How Much do Certified Nursing Assistants Make?

The current wage for CNAs varies depending on the experience, employer and location of employment. The demand for certified nursing assistants is seen to steadily increase in the coming years.

Recent research indicated that the hourly rate for a certified nursing assistant increases as the heath worker spends more time in a particular institution. Those with less than one year of experience are given a rate of a little more than $10.00. Workers with more experience have a minimum median rate of almost $13 and even more. Annual salaries can go up to $32,000 especially nowadays when demand for the services of nursing assistant continues to go up. Industry practitioners say that the sector can progress by 20% which implies that advancement prospects will flourish as well. In short, salaries can also increase significantly in eight to 10 years.

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Points of Reference for Wages

Consider the earning potentials if you want to become a CNA. Nearly two years ago, the United States Bureau of Statistics reported a standard wage (per hour) of $12.22 for the certified nurse assistant. This is will amount to $25,420 annually. You can notice a substantial variance between the highest and lowest income earners. Statistics will show that roughly 10 percent of nursing assistants take home $8.68 per hour or even less. On the other hand, another 10 percent receive $16.91 per hour or more. This corresponds to $18,060 annually at the low end of the scale and $35,170 at the upper bracket assuming a 40-hour work week. Median income was pegged at $11.63 every hour or $24,190 for one full year.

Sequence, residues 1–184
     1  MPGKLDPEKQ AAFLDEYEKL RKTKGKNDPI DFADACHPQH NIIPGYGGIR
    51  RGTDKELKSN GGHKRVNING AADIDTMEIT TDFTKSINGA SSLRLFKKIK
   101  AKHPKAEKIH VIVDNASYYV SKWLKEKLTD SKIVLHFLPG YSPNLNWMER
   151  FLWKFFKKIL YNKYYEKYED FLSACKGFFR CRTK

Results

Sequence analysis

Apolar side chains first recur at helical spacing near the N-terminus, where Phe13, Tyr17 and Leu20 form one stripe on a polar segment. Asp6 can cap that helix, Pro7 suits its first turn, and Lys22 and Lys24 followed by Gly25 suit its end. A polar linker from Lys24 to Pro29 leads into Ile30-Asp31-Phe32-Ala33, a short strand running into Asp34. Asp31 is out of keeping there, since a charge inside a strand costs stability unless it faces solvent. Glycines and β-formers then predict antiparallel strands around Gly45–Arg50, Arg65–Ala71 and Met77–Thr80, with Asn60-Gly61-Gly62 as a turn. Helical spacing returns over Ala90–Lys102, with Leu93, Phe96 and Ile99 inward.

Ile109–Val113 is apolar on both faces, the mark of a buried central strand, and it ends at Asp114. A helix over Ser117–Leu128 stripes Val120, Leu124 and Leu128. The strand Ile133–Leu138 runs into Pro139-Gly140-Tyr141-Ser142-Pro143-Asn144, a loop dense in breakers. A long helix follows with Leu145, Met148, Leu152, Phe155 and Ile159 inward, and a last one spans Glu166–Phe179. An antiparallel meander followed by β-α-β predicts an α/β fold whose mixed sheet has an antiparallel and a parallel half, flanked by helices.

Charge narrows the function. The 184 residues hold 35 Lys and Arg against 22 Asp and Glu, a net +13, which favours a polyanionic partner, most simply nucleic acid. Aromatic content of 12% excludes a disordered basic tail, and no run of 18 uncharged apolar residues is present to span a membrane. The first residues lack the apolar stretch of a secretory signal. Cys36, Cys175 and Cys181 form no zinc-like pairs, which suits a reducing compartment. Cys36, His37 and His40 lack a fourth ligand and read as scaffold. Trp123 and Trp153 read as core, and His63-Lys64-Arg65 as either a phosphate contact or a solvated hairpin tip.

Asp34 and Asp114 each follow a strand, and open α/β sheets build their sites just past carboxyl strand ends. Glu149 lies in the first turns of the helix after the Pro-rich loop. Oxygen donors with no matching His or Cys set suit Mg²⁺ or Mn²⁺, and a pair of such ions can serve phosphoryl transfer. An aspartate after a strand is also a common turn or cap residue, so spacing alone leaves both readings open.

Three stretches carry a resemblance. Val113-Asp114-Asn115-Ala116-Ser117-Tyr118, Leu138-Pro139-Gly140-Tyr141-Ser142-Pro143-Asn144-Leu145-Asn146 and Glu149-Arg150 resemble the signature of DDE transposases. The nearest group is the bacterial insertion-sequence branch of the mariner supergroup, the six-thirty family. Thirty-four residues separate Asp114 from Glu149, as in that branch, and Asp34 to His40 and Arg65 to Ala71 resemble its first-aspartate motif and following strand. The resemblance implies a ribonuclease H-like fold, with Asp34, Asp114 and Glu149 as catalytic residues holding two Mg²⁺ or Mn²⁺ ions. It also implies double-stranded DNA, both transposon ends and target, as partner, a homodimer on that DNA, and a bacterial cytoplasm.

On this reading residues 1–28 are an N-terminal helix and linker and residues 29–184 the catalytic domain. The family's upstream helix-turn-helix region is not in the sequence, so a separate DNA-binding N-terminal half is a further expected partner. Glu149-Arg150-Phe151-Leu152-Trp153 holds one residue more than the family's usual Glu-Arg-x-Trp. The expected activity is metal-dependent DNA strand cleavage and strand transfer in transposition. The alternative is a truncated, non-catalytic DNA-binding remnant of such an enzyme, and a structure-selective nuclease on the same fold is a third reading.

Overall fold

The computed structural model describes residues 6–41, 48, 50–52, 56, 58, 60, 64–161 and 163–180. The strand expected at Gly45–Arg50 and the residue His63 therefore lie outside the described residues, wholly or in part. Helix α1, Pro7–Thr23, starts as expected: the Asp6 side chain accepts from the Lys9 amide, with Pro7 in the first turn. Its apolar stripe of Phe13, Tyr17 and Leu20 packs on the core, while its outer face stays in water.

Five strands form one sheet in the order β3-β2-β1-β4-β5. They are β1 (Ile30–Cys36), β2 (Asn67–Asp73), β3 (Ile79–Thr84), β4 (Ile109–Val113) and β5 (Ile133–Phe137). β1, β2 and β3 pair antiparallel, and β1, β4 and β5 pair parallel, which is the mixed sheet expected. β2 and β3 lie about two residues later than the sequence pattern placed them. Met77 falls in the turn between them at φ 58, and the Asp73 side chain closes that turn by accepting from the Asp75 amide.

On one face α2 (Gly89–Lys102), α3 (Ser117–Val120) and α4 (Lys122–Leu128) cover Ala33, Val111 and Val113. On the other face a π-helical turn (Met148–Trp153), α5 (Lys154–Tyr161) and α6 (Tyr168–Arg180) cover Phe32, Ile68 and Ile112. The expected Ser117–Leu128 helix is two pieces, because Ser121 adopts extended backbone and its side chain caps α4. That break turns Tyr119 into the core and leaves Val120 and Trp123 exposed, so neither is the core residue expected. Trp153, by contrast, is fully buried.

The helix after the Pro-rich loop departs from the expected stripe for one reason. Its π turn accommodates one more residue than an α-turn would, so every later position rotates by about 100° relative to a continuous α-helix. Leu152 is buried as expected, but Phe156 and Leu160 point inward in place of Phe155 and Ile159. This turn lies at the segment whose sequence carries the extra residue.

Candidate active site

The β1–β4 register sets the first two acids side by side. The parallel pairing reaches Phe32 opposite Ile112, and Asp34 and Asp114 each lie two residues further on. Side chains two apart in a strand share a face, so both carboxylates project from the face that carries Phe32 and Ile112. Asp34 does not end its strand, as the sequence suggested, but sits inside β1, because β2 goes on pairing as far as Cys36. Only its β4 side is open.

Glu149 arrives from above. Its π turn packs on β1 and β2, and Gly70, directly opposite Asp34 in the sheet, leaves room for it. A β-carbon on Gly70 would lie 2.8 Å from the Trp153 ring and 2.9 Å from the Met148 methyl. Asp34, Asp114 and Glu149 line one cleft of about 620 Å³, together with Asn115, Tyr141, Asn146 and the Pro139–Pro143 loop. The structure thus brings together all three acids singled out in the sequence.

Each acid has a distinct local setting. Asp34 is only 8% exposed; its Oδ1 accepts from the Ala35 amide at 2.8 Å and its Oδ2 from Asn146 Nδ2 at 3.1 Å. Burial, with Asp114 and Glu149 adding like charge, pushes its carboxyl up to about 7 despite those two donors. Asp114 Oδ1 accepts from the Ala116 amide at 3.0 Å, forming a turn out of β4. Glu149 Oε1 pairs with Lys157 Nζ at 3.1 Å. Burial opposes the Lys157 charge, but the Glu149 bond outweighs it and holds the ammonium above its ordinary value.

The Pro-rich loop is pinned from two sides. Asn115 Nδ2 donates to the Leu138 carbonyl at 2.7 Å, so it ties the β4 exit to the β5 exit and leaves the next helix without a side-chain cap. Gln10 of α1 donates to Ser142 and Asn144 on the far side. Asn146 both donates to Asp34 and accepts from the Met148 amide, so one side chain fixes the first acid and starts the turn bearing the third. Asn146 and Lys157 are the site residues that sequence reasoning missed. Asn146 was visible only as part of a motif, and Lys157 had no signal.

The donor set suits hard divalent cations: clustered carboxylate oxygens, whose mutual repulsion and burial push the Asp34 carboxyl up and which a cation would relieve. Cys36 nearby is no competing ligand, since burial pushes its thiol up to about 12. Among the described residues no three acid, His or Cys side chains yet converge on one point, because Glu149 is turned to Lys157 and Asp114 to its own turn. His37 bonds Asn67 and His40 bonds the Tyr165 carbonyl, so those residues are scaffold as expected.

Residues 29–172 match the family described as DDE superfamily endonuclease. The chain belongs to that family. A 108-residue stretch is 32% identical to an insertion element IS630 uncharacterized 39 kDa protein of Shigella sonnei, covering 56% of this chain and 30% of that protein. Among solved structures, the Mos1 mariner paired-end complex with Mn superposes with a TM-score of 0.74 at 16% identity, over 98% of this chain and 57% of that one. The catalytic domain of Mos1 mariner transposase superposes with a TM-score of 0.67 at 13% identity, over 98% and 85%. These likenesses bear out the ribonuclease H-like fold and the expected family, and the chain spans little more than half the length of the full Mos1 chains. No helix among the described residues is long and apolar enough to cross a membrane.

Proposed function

Wage Differences in the Workplace

A nursing assistant will most likely be employed by nurse care homes since these facilities are always in need of patient care specialists. Nursing assistants in said facilities average $11.76 per hour. Hospitals represent the second largest employer and pays approximately $13.12 per hour. Community care clinics for elderly folks make up the third-largest employer and give an average salary of $11.31 on an hourly basis. The highest-paid certified nurse assistant works for scientific research institutions and earn an average of $17.75 every hour. The federal government gives a salary of $17.23 while colleges and universities offer $15.48. These rates are on an hourly basis.

Income Variance by Location

Nursing assistant wages also differ widely by location depending on employers’ demand, cost of living and local wages. Alaska is the state offering the highest wage which is at $16.68 per hour. New York is second at $15.30 and Nevada follows at $15.20. For the lowest-paying states, Mississippi has the lowest in the U.S. at an average of $9.56 per hour. Louisiana and Arkansas have rates of $9.92 $10.04 respectively. Oklahoma and Georgia are also among those that offer low wages for the nursing assistant.

Employment Status for Nursing Assistants

Employment prospects look good for nursing assistants due to the growth of the healthcare industry in general and aging of the baby boom age bracket. This increases the need for staff in nursing care and extended care clinics. The Bureau estimates a job growth of 20 percent between 2010 and 2020 for more than 300,000 new positions. This is a bright outlook for the potential nursing assistant.